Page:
Ed Colby: A stinging defeat
Last May when my beekeeper boss Paul told me the most painful place to get stung is on the tip of your nose, I thought, “The tip of your nose? What a small target. What’s the chance of that ever happening?”
Cheerfully bear with me for a moment, while I explain how some bees got so annoyed with me that one actually flew up my nose.
Imagine a beehive ? not a wild hive in a tree but a domestic hive. The hive superstructure looks like a stack of wooden boxes, right? In the trade we call these boxes “supers.” Bees fill them with honey from the bottom up. When the top super is full, the beekeeper adds another. Think of stacking bottomless milk crates on top of each other. As the bees fill the stack with honey, you add more crates.
This is a little bit of an oversimplification. I hope that’s OK. Are you with me so far?
When you take off honey in the fall, you remove the hive’s honey-laden top supers. You leave only the bottom two supers, called the “brood” supers. The brood supers house the “brood nest” ? that portion of the hive where the queen lays eggs, and where nurse bees tend the young. There should be enough honey in these two supers for the hive to survive the winter. You only harvest the surplus.
But before you can remove the honey supers, you need to persuade thousands of bees to move out of the honey supers and down into the brood supers.
It’s like developing a downvalley trailer park. Before you haul the trailers away you have to evict the worker bees.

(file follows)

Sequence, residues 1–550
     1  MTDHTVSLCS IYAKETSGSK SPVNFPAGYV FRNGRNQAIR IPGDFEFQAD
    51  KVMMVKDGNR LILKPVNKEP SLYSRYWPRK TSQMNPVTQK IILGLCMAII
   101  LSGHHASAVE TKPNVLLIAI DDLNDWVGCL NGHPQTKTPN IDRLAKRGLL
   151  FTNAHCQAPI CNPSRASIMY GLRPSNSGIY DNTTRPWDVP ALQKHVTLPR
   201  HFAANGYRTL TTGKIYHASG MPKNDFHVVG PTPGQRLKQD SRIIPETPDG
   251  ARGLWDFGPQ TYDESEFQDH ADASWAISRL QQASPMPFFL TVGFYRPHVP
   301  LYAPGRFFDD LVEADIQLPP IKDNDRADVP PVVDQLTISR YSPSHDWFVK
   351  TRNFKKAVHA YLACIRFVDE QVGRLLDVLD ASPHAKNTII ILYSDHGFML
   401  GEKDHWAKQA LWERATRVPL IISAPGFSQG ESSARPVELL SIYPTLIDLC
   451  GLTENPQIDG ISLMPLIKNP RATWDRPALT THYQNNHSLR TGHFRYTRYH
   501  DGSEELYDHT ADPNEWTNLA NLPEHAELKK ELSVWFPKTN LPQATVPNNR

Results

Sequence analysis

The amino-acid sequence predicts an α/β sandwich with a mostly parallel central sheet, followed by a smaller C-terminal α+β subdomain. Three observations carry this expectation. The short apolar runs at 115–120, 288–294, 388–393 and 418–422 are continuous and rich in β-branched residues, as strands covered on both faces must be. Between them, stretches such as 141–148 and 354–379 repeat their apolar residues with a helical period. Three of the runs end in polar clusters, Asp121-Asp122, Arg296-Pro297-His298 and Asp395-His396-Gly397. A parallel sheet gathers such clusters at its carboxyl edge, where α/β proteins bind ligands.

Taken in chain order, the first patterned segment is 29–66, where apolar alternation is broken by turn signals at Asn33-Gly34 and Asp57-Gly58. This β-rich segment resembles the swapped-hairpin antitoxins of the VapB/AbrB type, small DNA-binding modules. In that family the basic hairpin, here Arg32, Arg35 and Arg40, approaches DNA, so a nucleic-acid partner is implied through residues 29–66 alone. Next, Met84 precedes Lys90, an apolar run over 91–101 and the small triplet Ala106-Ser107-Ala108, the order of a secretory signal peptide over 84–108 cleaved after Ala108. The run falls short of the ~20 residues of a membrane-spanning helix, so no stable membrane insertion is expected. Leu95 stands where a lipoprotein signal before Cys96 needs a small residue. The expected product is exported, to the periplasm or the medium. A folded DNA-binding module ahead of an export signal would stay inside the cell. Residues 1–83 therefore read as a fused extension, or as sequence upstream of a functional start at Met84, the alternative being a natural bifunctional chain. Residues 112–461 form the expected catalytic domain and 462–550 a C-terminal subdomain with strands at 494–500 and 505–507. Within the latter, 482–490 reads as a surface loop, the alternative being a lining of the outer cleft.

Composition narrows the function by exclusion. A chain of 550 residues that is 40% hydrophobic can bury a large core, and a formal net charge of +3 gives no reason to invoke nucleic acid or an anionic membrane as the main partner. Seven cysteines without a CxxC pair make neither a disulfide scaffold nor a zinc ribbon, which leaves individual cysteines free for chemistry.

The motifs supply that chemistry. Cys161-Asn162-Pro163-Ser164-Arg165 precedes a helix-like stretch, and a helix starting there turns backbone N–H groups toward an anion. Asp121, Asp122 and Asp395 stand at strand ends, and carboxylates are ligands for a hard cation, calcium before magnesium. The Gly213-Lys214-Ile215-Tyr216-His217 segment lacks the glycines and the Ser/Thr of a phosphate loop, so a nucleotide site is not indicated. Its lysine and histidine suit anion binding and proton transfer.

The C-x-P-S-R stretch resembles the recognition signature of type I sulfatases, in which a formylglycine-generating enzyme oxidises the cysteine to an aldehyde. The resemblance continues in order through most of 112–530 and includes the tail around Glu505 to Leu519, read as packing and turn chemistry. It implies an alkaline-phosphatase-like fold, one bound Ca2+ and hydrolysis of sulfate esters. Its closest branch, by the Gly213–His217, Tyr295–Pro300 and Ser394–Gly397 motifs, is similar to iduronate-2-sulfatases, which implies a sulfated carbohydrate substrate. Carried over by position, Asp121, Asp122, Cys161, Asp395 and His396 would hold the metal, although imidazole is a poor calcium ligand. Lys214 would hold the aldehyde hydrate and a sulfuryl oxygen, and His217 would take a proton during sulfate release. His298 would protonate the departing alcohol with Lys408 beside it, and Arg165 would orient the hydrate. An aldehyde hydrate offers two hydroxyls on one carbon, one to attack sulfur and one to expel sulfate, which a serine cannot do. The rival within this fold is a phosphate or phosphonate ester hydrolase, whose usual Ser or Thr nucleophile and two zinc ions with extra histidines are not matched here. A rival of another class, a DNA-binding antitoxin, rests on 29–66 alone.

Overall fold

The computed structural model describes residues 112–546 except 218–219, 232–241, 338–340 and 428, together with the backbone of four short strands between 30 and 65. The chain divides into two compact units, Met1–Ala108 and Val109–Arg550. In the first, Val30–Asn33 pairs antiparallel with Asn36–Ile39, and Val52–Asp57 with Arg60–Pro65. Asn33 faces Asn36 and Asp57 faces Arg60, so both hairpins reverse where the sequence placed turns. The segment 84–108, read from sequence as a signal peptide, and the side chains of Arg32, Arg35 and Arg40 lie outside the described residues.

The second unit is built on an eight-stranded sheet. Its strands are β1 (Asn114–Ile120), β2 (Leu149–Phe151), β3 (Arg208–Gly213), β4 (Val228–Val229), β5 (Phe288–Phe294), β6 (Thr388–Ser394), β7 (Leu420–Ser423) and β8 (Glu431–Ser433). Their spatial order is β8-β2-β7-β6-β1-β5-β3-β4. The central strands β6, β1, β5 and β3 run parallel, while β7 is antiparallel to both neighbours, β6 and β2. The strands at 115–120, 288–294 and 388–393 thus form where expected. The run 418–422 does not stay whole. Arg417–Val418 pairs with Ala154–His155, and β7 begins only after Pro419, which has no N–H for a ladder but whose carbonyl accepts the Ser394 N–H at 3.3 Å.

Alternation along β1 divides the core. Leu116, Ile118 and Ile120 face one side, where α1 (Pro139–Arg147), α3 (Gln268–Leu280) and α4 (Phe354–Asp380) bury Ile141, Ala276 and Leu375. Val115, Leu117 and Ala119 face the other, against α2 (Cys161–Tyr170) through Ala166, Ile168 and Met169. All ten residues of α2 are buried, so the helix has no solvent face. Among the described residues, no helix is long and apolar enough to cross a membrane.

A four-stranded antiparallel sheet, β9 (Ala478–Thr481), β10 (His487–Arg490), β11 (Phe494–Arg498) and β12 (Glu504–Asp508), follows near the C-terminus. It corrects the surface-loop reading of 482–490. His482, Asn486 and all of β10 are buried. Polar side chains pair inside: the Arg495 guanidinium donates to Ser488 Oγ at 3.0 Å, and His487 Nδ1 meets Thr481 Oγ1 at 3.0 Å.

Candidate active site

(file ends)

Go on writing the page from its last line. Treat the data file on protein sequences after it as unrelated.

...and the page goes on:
There are lots of ways to do this, but in general only two work effectively for large-scale operations like Paul’s. One is to use a powerful air blower to blow the bees off the honeycomb and deeper down into the hive.
Another is to drive the bees down from the honey supers with a foul-smelling concoction called “Bee-Go.” You dribble Bee-Go on the underside of a special hive cover. Then you put the cover on top of the hive. Think tear gas. Bee-Go works great, but for some reason only in hot weather.
In September we took off honey on a day when it turned windy, partly cloudy and cool. The Bee-go wouldn’t drive the bees down, but we had an empty truck to fill. We had no blower, so we had to “bang” the bees out of the supers. We’d take the supers off the hive and knock them on the ground or the side of the truck to get the bees out.
I don’t recommend this technique. Those poor little darlings positively threw a fit. Bees stung through our clothes. They got inside our veils. Gabe got bees in his pants. We pushed on. By the time we finished, even Paul had a wild look.
Bees also “robbed,” meaning that they tried to take back honey that we loaded on the truck. We banged the bees out of the supers, but robbers flew right back in. They do this when there’s a dearth of nectar in the area.
When we pulled away, Paul said, “That’s as many bees as I’ve ever seen on a load of honey.” We drove a mile or two, then stopped for lunch and to let some bees fly home. A few joined us in the truck cab. They didn’t seem that feisty to me, but one must have been bothering Paul. I’d just finished my sandwich when he said, “These bees are nasty. We’d better get out of here.”
As he started the truck, a bee flew up my nose. I exhaled with great vigor, but apparently not enough. On a scale of one to 10, the pain scored a brilliant, unforgettable 10. Pain pulsated right through my eyes. I thought the bee stung me inside my nostril, so that’s where I frantically tried to dig out the stinger.
After what seemed like a long time, I stopped screaming. Paul looked at me from behind the wheel. Was that a twinkle in his eye? In a matter-of-fact way, he said, “That stinger’s on the tip of your nose.”
[Beekeeper and ski patroller Ed Colby’s column runs on Tuesdays. His e-mail address is firstname.lastname@example.org]
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From behind the scenes, the sights and sounds of horse and cattle, and the raucous lifestyle of rodeo culture hasn’t changed all that much since the Snowmass Rodeo arena opened here in the summer of 1973.